Recently, two little-noticed things happened in Britain.The first is surely the more important. The Financial Times notes:
“Britain and China took fresh steps to improve their economic relationship on Thursday, agreeing to boost Chinese infrastructure investment in the UK and London’s role as an offshore trading centre for the renminbi. . . [China has given] formal backing to moves by UK banks and financial institutions to develop the UK as an offshore financial centre for renminbi trading.”
This is big news.
Two years ago, China started allowing ‘offshore’ trade in renminbi in Hong Kong to settle Chinese trade. This follows moves back in 2004 to let Hong Kong residents open limited renminbi bank accounts. China’s aim is to maintain strict capital controls – which Chinese leaders will tell you are a key ingredient in China’s growth miracle – and yet also allow the currency to trade freely, offshore, insulated from the mainland economy. To have its cake and eat it.
The ultimate end goal of all this is to see the renminbi attain global reserve currency status.
This is a little like what the United States did from the 1960s and 1970s: it was rather tolerant of the offshore London-centred Eurodollar markets, despite all the disruption they were causing, because it helped keep the U.S. dollar as a highly liquid global currency, an essential pre-requisite for its status as the global reserve currency of choice. Having a reserve currency gives a country an ‘exorbitant privilege‘ allowing it to, in essence, print unlimited money at home to pay for foreign escapades. In America’s case, the Vietnam War was a key issue to pay for at the time (read all about it in Treasure Islands). (Trading in your own currency also helps you sidestep currency risk.) In China’s case today there is no big war to pay for – but it’s going to be a highly useful tool generally in future. With London’s help, China hopes it can allow renminbi to be traded ‘offshore’ – now in Hong Kong and London – and yet hold onto those tight capital controls.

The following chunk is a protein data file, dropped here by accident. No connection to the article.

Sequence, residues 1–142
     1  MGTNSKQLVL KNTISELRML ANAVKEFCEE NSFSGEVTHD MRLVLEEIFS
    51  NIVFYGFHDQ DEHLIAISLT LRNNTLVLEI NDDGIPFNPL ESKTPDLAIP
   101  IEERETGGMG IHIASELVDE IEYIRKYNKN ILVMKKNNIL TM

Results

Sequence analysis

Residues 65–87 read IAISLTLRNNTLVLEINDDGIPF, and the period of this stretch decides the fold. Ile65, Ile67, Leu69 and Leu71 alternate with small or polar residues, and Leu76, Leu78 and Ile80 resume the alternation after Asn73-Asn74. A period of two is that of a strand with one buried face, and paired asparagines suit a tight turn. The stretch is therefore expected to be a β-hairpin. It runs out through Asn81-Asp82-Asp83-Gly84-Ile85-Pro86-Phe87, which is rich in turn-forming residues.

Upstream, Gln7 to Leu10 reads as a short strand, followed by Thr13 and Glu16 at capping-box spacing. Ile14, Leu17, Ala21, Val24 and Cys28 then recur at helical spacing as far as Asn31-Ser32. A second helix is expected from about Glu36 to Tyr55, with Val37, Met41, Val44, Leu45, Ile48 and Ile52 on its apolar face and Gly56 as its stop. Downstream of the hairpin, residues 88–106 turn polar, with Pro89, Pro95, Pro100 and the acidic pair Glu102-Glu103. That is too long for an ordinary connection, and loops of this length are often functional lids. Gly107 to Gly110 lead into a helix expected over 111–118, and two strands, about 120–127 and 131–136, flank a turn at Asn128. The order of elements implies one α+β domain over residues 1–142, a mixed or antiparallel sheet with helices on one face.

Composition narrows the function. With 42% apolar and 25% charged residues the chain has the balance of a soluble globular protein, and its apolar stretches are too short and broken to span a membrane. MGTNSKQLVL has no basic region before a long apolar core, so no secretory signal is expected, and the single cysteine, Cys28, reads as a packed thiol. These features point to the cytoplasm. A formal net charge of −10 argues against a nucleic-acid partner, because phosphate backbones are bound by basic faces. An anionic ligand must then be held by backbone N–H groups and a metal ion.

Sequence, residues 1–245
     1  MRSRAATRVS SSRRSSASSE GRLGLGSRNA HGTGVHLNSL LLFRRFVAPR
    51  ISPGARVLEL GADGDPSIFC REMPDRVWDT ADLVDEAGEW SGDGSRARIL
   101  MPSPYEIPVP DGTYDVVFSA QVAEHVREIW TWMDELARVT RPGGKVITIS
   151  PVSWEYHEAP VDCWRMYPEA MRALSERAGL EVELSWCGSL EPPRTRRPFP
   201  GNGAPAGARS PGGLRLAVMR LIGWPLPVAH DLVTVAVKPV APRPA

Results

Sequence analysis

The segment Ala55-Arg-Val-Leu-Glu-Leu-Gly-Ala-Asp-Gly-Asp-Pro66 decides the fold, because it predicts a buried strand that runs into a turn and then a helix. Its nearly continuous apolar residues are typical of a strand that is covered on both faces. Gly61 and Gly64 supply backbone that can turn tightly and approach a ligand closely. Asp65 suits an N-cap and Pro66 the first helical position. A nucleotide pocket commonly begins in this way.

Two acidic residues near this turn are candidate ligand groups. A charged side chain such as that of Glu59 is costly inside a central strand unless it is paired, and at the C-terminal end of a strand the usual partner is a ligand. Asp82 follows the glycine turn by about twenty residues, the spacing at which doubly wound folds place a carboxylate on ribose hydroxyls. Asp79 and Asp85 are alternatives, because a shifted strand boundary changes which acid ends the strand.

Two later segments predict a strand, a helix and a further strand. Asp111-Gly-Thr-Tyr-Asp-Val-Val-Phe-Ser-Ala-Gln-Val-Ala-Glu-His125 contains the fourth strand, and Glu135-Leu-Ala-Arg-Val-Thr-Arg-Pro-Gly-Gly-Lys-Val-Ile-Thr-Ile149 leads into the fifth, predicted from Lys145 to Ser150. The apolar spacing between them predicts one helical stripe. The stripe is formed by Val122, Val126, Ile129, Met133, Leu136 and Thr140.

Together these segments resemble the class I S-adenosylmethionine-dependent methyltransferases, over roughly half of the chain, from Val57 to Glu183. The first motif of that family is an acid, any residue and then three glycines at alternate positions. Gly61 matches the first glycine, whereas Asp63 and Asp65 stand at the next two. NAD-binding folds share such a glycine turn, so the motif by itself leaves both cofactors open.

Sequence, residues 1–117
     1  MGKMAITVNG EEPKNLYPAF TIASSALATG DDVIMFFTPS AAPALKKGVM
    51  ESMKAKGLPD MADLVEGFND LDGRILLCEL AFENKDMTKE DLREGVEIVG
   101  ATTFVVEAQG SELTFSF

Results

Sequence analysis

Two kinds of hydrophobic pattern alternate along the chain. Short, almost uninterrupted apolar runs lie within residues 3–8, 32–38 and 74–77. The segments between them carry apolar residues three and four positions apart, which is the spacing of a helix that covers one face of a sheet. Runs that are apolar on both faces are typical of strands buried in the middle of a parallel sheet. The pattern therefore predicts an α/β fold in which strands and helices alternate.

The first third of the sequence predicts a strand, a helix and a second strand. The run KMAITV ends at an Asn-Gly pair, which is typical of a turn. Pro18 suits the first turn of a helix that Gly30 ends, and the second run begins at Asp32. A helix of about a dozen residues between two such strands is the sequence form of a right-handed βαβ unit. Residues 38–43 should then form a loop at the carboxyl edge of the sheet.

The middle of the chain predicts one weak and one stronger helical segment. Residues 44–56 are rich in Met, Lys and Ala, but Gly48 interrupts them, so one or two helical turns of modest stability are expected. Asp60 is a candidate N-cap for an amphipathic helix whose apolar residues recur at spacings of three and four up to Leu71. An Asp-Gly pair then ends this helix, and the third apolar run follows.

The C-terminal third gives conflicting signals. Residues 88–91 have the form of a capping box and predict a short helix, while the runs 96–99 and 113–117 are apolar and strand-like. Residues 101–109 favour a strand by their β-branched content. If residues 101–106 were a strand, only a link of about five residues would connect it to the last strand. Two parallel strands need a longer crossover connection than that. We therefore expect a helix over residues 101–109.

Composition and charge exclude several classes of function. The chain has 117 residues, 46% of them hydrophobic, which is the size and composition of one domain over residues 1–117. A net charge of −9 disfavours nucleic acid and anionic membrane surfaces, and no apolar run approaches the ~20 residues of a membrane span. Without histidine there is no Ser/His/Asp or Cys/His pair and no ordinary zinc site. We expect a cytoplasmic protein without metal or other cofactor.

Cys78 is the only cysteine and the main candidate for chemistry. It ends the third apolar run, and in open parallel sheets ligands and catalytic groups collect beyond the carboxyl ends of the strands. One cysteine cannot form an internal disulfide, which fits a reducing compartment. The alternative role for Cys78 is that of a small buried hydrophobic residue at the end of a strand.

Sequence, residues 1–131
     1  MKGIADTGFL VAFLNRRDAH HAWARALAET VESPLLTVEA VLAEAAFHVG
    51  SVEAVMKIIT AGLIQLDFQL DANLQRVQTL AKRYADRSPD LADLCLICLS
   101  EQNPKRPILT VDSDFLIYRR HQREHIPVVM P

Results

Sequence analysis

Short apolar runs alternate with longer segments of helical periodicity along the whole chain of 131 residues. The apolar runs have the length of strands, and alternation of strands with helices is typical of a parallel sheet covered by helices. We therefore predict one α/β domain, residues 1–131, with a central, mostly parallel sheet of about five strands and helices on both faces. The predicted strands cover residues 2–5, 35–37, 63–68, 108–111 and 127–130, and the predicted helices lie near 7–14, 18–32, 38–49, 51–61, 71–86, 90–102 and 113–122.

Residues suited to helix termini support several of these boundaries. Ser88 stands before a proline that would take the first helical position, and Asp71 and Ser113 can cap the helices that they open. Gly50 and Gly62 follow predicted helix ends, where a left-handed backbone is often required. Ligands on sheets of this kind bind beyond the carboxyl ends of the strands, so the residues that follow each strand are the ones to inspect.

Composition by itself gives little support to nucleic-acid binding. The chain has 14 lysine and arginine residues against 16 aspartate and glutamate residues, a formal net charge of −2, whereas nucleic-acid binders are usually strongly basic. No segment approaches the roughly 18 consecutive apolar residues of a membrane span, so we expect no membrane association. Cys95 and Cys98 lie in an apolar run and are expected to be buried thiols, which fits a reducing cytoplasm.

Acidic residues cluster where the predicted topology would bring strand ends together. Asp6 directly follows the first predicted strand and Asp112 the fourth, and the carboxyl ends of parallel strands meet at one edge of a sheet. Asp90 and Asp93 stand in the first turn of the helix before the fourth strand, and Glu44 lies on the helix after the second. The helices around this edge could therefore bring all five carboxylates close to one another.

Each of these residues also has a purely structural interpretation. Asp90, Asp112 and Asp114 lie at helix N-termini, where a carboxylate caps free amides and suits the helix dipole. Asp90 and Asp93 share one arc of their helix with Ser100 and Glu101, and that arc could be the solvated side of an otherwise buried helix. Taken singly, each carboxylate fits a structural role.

This is a major milestone in a gigantic story that has only just begun.
All this will have powerful impacts inside China (see this thought-provoking piece, for instance, for some ideas of what may be happening.) In the case of the U.S. the policy of tolerance of the offshore Eurodollar worked in the short term – but as Treasure Islands explains – it rebounded on the United States in unexpected and unpleasant ways, notably (but not only) in massively boosting the powers of Wall Street and its ability to capture the policy-making apparatus in Washington. It’s not beyond the realms of imagination that something similar might happening in China in future.
And there’s another thing. Offshore renminbi trade is, presumably, going to be massive. According to the Hong Kong Monetary Authority, the percentage of Chinese trade settled in Renminbi (via Hong Kong) rose from 0.7 percent in the first half of 2010 to seven percent in the first half of 2011. What a leap. Zhou Xiaochuan, governor of the People’s Bank of China, said that said that the offshore renminbi market was “developing faster than what we had imagined.” Indeed – just like the Eurodollar market, and offshore markets more generally. Give them an inch, and they will soon take over everything. You can’t really control ‘em. That’s the whole point about offshore, really: they are about escaping from control.